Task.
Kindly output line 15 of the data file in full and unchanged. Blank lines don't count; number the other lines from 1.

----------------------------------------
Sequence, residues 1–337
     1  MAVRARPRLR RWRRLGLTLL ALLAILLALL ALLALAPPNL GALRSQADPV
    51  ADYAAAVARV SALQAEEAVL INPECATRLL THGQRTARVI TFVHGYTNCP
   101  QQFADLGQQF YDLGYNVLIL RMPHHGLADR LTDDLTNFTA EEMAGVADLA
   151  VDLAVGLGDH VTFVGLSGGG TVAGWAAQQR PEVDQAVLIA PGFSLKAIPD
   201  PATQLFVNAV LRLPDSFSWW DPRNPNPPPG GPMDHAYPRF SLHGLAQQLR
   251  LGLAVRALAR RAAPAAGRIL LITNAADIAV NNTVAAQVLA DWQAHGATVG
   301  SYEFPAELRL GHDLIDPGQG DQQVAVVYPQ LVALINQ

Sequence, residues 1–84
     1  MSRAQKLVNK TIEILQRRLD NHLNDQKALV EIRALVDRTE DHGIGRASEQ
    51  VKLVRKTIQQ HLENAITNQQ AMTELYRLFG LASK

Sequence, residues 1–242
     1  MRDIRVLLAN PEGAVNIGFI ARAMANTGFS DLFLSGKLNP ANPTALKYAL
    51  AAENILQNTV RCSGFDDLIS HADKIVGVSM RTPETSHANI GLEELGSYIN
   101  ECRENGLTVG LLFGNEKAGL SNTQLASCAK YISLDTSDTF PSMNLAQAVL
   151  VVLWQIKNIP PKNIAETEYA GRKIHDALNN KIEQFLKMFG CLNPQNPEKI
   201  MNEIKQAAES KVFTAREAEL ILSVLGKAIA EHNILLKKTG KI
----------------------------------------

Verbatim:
   101  ECRENGLTVG LLFGNEKAGL SNTQLASCAK YISLDTSDTF PSMNLAQAVL